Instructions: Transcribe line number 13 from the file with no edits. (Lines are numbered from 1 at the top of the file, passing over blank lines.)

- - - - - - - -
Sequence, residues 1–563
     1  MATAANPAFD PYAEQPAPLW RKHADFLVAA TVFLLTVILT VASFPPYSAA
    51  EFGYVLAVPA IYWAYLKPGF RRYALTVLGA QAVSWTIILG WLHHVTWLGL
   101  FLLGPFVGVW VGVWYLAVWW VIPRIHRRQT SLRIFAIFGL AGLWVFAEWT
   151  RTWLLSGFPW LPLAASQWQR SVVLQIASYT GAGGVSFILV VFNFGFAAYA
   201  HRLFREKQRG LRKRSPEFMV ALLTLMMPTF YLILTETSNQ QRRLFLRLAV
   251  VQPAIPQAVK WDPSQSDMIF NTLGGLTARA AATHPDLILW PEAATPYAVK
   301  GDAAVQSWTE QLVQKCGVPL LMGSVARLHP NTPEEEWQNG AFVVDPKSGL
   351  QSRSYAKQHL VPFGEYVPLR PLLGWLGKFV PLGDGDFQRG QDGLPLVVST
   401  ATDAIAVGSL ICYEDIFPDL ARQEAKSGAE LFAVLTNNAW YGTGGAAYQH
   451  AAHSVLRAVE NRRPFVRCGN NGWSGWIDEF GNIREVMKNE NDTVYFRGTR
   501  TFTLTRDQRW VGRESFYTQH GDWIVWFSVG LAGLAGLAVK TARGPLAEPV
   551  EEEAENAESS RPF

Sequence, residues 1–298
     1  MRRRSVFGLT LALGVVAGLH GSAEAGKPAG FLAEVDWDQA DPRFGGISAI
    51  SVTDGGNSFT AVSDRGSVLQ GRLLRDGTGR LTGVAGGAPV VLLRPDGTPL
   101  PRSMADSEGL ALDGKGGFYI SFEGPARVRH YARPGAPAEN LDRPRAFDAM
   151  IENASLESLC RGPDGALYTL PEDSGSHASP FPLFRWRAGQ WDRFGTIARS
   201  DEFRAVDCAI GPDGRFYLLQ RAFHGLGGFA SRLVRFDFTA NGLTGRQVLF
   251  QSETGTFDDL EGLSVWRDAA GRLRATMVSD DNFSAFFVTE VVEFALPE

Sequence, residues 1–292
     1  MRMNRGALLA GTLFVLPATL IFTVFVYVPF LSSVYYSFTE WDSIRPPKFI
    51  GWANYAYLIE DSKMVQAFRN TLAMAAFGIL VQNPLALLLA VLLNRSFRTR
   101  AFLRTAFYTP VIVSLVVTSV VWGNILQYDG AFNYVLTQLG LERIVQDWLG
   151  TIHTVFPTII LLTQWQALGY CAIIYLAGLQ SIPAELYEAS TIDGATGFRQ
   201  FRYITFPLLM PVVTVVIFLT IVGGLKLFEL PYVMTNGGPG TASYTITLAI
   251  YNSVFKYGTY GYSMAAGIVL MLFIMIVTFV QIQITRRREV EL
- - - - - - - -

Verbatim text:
   551  EEEAENAESS RPF